Supercomputer analyzed Covid-19 and a new theory emerged
Earlier this summer, the Summit supercomputer at the Oak Ridge National Lab in Tennessee, USA, began processing data from more than 40,000 genes from 17,000 genetic samples in an effort to better understand Covid-19. The Summit is the second fastest computer in the world, but the process – which involved analyzing 2.5 billion genetic combinations – took more than a week.
When the computer completed its work, the researchers analyzed the results. It was, in the words of Daniel Jacobson, chief investigator of computer systems biology at Oak Ridge, what is called an “eureka moment”. The computer revealed a new theory about how SARS-CoV-2 affects the body: and there arose the hypothesis of the hormone bradykinin. The hypothesis provides a model that explains many aspects of Covid-19, including some of its most bizarre symptoms. It also suggests more than 10 potential treatments, many of which have already been approved by the Food and Drug Administration (FDA). Jacobson’s group published the results in an article in the scientific journal eLife in early July.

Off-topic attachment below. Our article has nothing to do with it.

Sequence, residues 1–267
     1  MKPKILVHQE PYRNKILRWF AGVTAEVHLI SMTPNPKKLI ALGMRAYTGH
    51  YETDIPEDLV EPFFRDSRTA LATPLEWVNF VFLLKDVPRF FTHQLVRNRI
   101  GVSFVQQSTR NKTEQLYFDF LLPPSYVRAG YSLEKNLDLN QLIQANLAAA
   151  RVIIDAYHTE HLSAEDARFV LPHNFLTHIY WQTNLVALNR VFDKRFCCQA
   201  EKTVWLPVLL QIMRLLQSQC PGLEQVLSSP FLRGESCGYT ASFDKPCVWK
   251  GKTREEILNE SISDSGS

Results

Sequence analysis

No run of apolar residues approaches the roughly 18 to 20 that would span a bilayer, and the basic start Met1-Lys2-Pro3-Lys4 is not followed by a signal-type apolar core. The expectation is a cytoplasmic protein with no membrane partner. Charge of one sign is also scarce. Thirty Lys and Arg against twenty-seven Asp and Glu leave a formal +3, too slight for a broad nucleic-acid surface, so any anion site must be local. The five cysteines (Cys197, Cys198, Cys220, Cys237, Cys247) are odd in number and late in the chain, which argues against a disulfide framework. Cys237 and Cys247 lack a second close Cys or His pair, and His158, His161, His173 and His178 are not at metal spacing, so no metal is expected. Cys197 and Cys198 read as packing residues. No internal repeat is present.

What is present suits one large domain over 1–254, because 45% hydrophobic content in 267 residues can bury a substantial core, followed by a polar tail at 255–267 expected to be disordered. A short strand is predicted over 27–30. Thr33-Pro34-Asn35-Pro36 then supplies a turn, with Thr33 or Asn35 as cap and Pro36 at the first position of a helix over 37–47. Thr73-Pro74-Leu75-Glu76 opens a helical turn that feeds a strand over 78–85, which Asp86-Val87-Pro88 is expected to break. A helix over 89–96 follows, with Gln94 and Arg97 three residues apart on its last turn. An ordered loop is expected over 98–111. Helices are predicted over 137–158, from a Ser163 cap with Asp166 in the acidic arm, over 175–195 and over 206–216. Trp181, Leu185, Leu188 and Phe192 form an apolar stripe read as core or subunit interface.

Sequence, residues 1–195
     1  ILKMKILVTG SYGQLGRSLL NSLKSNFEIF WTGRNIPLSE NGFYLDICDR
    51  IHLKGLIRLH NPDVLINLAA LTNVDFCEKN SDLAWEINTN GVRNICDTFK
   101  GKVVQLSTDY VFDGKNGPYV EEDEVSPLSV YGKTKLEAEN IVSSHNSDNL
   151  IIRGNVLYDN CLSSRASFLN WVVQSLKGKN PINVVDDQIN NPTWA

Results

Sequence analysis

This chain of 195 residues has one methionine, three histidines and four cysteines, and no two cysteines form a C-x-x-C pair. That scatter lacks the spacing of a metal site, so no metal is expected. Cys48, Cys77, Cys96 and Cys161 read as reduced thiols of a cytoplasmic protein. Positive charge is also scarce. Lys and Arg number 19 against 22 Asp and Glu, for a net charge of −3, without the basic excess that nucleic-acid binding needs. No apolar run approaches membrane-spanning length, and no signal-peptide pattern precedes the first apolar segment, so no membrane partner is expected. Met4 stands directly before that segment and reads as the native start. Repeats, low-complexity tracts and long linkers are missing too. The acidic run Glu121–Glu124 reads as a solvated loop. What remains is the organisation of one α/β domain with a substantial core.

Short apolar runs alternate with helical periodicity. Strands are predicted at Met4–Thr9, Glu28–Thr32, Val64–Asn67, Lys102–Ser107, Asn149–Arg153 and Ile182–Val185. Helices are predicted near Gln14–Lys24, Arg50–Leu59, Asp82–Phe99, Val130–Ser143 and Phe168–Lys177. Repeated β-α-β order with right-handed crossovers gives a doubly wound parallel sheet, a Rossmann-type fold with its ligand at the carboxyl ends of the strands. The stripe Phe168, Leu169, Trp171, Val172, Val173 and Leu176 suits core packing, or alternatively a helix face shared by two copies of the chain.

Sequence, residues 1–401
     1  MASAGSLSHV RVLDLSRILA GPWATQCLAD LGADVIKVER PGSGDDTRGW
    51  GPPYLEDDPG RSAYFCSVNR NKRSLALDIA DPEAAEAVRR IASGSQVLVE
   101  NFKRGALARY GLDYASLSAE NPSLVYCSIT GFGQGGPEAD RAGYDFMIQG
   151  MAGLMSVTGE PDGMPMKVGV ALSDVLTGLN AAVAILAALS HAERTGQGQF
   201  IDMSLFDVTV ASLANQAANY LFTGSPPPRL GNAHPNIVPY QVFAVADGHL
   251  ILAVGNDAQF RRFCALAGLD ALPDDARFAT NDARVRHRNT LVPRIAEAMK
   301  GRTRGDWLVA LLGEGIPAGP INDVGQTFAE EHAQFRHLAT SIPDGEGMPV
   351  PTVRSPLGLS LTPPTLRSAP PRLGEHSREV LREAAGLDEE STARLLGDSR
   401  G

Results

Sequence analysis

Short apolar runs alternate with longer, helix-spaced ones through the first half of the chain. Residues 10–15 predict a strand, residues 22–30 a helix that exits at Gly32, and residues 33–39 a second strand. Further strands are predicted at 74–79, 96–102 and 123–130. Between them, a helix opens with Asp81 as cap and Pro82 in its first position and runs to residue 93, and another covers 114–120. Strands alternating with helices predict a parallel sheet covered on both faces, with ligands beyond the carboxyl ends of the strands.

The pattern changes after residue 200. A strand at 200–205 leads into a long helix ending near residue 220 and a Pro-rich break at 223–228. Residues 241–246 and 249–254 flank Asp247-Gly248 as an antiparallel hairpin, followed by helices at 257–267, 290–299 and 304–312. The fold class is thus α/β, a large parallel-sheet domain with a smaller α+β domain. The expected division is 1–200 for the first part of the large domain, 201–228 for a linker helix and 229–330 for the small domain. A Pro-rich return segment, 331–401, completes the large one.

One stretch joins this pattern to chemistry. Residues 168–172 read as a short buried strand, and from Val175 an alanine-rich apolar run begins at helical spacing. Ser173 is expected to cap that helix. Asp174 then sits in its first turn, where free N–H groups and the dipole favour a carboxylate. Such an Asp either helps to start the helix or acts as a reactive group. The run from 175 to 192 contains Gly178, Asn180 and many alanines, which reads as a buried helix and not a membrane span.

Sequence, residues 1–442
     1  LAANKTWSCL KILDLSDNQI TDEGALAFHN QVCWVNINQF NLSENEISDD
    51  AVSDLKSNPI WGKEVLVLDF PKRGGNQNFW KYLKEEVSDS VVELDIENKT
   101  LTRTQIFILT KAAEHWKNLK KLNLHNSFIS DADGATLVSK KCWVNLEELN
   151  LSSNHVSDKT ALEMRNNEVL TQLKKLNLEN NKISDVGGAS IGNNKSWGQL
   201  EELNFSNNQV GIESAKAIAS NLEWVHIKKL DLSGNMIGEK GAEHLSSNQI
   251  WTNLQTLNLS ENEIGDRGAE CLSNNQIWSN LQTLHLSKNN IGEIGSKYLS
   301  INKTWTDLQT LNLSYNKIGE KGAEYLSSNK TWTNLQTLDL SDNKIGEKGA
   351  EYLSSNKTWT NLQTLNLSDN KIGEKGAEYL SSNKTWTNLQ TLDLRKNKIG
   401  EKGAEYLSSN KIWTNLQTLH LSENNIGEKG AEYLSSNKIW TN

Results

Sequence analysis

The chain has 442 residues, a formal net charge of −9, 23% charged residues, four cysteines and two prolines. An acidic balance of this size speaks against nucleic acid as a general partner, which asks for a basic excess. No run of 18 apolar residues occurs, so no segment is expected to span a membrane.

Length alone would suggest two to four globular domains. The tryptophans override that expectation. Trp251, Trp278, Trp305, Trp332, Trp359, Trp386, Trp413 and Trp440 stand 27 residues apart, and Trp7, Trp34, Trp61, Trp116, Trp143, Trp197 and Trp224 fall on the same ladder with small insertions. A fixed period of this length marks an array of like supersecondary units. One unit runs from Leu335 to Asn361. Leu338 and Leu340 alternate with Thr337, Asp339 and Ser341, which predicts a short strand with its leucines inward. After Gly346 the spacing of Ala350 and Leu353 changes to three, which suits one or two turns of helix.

According to the team’s findings, a SARS-CoV-2 infection usually starts when the virus enters the body via ACE2 receptors in the nose. The virus then continues its path through the body, entering cells in other places where ACE2 is also present: intestines, kidneys or heart. This explains, most likely, some of the cardiac and gastrointestinal symptoms of the disease.
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